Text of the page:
CLEAN IT UP! The owners of this Brooklyn home are angry that it's the legal address of numerous scandal-plagued nonprofits
Charity may begin at home -- but nearly 200 nonprofits at one Brooklyn residence might be a record.
IRS documents show that 196 such New York groups -- including some connected to rogue rabbis jailed for money laundering and child molestation -- are registered to a house on Bedford Avenue whose owners know nothing about the organizations.
The eye-popping number accounts for about a quarter of the 720 charities in the Midwood ZIP code.
"I would love for this to be straightened out, for someone to do something," said Rose Meisner, who, with husband Joseph, bought the Bedford Avenue house 10 years ago. "I'm just an innocent little lady."
Investigators have been regular visitors to the Meisner home -- most recently when prominent Brooklyn rabbis Mordechai Fish and Saul Kassin were busted by the feds in 2009 in a massive New Jersey-based money-laundering scheme.
Both men, who copped to helping FBI informant Solomon Dwek in a $50 million fraud scheme, are now in jail.
But Fish's Congregation Sheves Achim nonprofit remains registered to the Meisner's house, as do at least two Kassin-connected groups, Bnei Shaare Zion and Shaar Zion charities.
Convicted child molester Rabbi Baruch Lebovits, who is doing 32 years in the slammer on a 2010 sentence for eight counts of sexual abuse, also used the address for his nonprofit. The Congregation Otzar Hachaim, which lists Lebovits as its contact, was registered there in 1996.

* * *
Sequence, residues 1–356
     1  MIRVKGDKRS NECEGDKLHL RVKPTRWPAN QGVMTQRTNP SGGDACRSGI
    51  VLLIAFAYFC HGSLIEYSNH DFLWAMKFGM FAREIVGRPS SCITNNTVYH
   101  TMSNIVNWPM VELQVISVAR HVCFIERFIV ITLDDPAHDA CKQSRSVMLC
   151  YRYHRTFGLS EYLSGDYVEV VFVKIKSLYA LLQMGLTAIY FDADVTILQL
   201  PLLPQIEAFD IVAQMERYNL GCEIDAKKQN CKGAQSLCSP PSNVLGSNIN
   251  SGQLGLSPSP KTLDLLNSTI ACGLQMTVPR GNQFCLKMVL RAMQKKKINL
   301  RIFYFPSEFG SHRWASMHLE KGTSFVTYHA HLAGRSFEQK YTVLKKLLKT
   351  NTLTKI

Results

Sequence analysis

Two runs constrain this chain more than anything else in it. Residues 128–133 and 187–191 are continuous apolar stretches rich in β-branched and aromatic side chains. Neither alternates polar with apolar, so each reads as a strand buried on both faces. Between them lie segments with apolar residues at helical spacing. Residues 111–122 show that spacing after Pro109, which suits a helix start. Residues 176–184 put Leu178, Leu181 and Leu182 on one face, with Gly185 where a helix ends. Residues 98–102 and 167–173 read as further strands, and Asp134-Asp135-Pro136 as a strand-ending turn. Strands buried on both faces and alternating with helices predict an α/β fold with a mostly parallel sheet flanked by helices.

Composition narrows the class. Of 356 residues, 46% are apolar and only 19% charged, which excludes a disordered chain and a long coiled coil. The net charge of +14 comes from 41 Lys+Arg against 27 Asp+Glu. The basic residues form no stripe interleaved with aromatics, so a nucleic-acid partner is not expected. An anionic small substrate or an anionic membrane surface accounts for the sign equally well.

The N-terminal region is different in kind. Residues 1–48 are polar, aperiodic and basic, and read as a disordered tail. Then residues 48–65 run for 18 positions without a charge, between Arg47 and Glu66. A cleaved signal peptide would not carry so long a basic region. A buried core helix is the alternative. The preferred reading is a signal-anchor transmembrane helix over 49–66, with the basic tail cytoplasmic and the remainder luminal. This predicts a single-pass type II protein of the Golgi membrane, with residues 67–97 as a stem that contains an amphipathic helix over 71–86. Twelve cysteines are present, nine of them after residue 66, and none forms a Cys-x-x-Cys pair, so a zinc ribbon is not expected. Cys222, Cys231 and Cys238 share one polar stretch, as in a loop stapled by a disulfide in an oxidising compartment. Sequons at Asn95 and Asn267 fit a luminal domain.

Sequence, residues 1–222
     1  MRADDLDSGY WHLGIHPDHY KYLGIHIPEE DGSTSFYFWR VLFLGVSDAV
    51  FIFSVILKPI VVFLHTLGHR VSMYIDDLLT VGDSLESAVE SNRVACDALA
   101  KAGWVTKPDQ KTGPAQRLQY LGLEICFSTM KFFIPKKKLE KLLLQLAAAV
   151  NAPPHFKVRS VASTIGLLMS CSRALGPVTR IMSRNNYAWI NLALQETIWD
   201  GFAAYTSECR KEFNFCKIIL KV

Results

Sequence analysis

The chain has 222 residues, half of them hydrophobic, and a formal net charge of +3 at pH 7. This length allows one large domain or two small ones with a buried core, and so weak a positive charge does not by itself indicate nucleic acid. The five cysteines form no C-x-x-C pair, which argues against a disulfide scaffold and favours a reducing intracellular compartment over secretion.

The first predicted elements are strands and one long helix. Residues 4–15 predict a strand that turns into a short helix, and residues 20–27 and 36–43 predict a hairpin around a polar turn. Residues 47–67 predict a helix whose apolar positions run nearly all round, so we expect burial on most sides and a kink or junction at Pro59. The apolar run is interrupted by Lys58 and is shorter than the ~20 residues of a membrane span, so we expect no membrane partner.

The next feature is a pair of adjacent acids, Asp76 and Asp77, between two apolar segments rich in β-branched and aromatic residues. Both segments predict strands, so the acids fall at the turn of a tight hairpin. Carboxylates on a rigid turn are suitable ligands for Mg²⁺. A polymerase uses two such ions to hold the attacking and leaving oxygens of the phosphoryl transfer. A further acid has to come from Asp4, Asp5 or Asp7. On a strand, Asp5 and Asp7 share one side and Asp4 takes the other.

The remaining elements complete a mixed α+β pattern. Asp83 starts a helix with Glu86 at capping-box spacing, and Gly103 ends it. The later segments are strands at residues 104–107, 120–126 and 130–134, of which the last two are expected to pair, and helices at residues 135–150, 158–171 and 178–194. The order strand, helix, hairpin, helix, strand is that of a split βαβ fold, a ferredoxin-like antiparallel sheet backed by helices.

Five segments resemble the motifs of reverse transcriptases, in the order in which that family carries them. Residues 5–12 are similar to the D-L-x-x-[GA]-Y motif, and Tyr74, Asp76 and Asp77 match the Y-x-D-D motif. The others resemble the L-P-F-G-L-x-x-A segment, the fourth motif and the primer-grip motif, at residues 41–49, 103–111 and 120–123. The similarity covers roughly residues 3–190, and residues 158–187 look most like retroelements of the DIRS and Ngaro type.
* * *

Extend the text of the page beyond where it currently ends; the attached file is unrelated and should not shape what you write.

The large majority of the nonprofits are Jewish organizations. Because they are considered houses of worship, they're not required to file annual tax returns, and little information is publicly available.
An IRS spokesman declined comment.
The Post last week traced about a dozen of the registrations to Suffern-based tax lawyer Joseph Schubin, who owned the house before the Meisners and at the time operated out of an office a few blocks away.
Schubin attributed the huge number of charities at his former residence to an IRS "mistake."
"For some crazy reason, the IRS puts down the address of the lawyer who does the work on the registration and not the official address of the group," Schubin claimed. "The government does what the government does. It has the real address in another database."
But the IRS nonprofit application states that a charity must register its own address.
An Internet and records search of dozens of the Bedford Avenue charities turned up no alternate addresses, Web sites or other info beyond their initial registrations, many of which date back as far as 1991.
"Most of these organizations are very small and formed by volunteers, people who have other, full-time jobs," said Schubin, who estimated he's set up about 100 of them